As the old saying goes, "Fool me once, shame on you."
But a Shalersville woman refused to be fooled twice.
Earlier this year, the woman, who declined to give her name, said she lost more than $700 when a scammer convinced her to take out a prepaid credit card to pay fees related to winning the Publishers Clearing House sweepstakes. After the scammer successfully took the money by getting her to give him the numbers off the card, he called her again, saying he needed more money to process her claim. That's when she called the Portage County Sheriff's Office.
She said a deputy warned her that a true prize winner never has to pay money to accept winnings. She learned that if she had called sooner, she might have been able to keep the thief from stealing her money.
"They said they're from out of the country and they use these disposable cell phones," she said.
About the same time, she learned that another woman in Cleveland had lost more than $5,000 in a similar scam.
The Shalersville woman, who is 83 and lives on Social Security, took the loss and moved on.
Then recently, the phone rang again. This time, the caller claimed she had won a Mercedes Benz and cash from the Reader's Digest Sweepstakes.
The caller sounded eerily similar to the person who had claimed to be from the Publishers Clearing House and this time, the woman was on to his game.
When he told her he needed $200 to pay the taxes to the IRS, the Shalersville woman knew that the taxes on such a car would be much higher than $200.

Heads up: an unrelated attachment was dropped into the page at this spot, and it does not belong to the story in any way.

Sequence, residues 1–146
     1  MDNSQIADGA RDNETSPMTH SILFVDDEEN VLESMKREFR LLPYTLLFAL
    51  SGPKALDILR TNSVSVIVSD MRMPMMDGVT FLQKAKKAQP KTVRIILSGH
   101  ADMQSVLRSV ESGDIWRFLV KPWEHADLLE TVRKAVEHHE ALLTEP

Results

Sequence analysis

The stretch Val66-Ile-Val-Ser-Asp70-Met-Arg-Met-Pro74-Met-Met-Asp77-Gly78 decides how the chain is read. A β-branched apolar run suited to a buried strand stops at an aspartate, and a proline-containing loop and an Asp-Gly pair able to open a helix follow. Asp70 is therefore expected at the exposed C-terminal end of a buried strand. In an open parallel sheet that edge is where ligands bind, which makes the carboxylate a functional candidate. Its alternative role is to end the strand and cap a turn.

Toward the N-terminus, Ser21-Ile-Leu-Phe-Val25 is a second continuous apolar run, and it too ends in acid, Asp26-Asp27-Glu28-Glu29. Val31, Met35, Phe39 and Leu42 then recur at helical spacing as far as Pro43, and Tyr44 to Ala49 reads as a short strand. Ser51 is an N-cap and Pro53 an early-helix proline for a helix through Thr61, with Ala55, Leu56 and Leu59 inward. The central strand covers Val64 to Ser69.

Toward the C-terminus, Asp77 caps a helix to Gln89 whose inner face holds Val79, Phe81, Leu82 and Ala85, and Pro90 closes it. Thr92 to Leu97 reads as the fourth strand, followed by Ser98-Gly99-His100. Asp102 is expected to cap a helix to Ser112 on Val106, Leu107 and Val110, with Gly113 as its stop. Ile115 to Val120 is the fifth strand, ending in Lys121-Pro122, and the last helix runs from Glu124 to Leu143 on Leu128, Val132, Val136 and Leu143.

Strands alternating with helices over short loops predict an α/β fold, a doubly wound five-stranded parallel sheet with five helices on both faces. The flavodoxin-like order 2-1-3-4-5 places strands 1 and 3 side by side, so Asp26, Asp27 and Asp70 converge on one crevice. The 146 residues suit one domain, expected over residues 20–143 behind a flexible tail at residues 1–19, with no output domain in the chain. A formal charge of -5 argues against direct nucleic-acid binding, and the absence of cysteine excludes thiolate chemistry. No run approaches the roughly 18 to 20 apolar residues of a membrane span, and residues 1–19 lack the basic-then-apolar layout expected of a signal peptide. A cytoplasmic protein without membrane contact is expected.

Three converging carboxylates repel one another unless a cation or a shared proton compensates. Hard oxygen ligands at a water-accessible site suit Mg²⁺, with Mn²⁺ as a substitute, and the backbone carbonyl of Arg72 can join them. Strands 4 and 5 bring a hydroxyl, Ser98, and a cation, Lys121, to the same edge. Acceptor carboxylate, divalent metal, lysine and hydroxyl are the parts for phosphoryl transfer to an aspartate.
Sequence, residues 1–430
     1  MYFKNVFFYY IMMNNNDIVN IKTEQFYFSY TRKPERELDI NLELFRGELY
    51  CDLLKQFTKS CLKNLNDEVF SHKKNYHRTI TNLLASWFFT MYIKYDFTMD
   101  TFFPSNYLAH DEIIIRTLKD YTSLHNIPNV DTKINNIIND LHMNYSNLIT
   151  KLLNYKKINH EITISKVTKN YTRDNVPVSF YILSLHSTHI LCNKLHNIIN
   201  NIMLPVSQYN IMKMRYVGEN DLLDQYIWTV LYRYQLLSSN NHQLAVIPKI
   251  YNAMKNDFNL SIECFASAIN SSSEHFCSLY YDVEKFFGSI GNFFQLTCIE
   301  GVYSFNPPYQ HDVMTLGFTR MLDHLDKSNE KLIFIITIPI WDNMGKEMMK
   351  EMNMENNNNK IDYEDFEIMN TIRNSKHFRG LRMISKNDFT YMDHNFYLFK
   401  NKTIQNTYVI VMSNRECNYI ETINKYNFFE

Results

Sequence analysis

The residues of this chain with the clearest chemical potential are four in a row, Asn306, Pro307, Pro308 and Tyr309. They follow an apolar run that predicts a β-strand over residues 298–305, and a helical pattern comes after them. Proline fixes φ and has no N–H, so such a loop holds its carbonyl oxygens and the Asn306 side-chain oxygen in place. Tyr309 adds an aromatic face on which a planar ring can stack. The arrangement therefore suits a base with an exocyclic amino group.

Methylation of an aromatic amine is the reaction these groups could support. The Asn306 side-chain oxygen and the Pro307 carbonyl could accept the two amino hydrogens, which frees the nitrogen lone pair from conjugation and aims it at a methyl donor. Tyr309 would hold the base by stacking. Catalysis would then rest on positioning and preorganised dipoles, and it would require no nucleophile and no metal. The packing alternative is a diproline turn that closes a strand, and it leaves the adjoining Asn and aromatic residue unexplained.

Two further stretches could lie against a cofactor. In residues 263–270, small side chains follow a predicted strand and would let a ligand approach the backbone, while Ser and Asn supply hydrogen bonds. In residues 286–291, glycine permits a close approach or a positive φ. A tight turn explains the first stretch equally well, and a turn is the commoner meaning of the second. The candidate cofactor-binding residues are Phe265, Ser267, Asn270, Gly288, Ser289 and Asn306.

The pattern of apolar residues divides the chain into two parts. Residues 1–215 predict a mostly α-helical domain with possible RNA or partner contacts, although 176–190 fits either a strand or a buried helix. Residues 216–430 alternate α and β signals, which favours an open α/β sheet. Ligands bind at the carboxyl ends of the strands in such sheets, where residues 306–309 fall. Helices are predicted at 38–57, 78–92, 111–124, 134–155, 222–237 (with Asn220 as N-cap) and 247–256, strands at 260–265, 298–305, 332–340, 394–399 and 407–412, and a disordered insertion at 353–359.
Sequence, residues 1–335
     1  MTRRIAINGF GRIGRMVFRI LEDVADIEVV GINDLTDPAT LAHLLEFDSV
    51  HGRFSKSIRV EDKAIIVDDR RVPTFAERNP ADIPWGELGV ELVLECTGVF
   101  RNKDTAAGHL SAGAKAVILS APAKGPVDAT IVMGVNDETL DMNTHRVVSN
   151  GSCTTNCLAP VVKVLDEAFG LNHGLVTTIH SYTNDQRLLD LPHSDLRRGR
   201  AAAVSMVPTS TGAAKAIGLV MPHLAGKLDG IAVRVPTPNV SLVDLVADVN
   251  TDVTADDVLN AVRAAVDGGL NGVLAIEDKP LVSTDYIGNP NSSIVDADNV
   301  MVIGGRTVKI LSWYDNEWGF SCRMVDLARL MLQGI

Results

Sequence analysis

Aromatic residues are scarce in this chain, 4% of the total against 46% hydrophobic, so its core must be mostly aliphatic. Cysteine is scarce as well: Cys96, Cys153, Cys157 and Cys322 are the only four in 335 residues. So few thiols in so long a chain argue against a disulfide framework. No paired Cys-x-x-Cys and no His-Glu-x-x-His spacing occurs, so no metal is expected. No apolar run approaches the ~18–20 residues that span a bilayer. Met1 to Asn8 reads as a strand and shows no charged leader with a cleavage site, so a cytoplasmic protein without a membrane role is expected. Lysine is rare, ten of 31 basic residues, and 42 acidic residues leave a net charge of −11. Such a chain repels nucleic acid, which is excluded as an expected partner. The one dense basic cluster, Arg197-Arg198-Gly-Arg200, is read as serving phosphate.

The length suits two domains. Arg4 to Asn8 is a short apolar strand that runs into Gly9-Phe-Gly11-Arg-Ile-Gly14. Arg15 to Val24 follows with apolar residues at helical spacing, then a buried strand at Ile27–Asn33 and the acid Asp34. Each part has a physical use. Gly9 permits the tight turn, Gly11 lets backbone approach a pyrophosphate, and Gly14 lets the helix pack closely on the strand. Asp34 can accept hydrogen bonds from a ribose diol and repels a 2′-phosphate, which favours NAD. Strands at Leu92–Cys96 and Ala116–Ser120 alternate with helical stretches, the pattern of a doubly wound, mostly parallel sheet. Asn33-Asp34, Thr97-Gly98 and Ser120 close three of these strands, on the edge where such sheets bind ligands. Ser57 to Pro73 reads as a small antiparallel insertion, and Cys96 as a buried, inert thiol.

So since she didn't want him to know she was on to him, she told the caller that she wasn't able to get to the store to buy the prepaid card, and suggested that he take the money out of her winnings when he delivered the car and cash in person.
"He used all kinds of excuses," she said, adding that the man hasn't called her back.
Lt. Greg Johnson of the Portage County Sheriff's Office said the caller may have been the same person, or not. Often, he said, scammers trade phone numbers and information with one another.
"It's almost like you get on a mailing list when you get scammed," he said.
Johnson said he stresses to residents that they should never pay any money to claim a prize. A legitimate prize, he said, often involves notification in writing, not just a phone call.
"When you win anything, you're obligated to pay the taxes," he said. "But you pay them to the government, not the company you won it from."
He said he's surprised the caller didn't offer to come to her house. Most do, he said, but call hours later to say they were held up in traffic or had car trouble, and ask for the numbers on a prepaid card to save the trip. The cards, he said, are a more modern equivalent of asking for money to be wired to them. Once it's paid, he noted, the transactions can't be stopped.
The callers are usually in tropical islands or Europe, he said.
Some use technology to disguise their phone numbers or give a fictitious number to call back, similar to child pornographers who use technology to block their IP addresses.
"Some of the people we've dealt with have great fun with them, because they know what it is," Johnson said said of some residents who report the scam calls.
Others, he said, are sadly more trusting, like the Portage County woman in a fight with her family over control of her finances. That woman, he said, has given more than $50,000 to a man in Iran, who she claims loves her.
"I really feel bad for these elderly people," he said. "They're more trusting. They come from a different generation."
The Shalersville resident said she thinks it's terrible that so many con artists try to take advantage of the elderly.
"If I could keep someone from getting scammed, I'd sure like to do it," she said.
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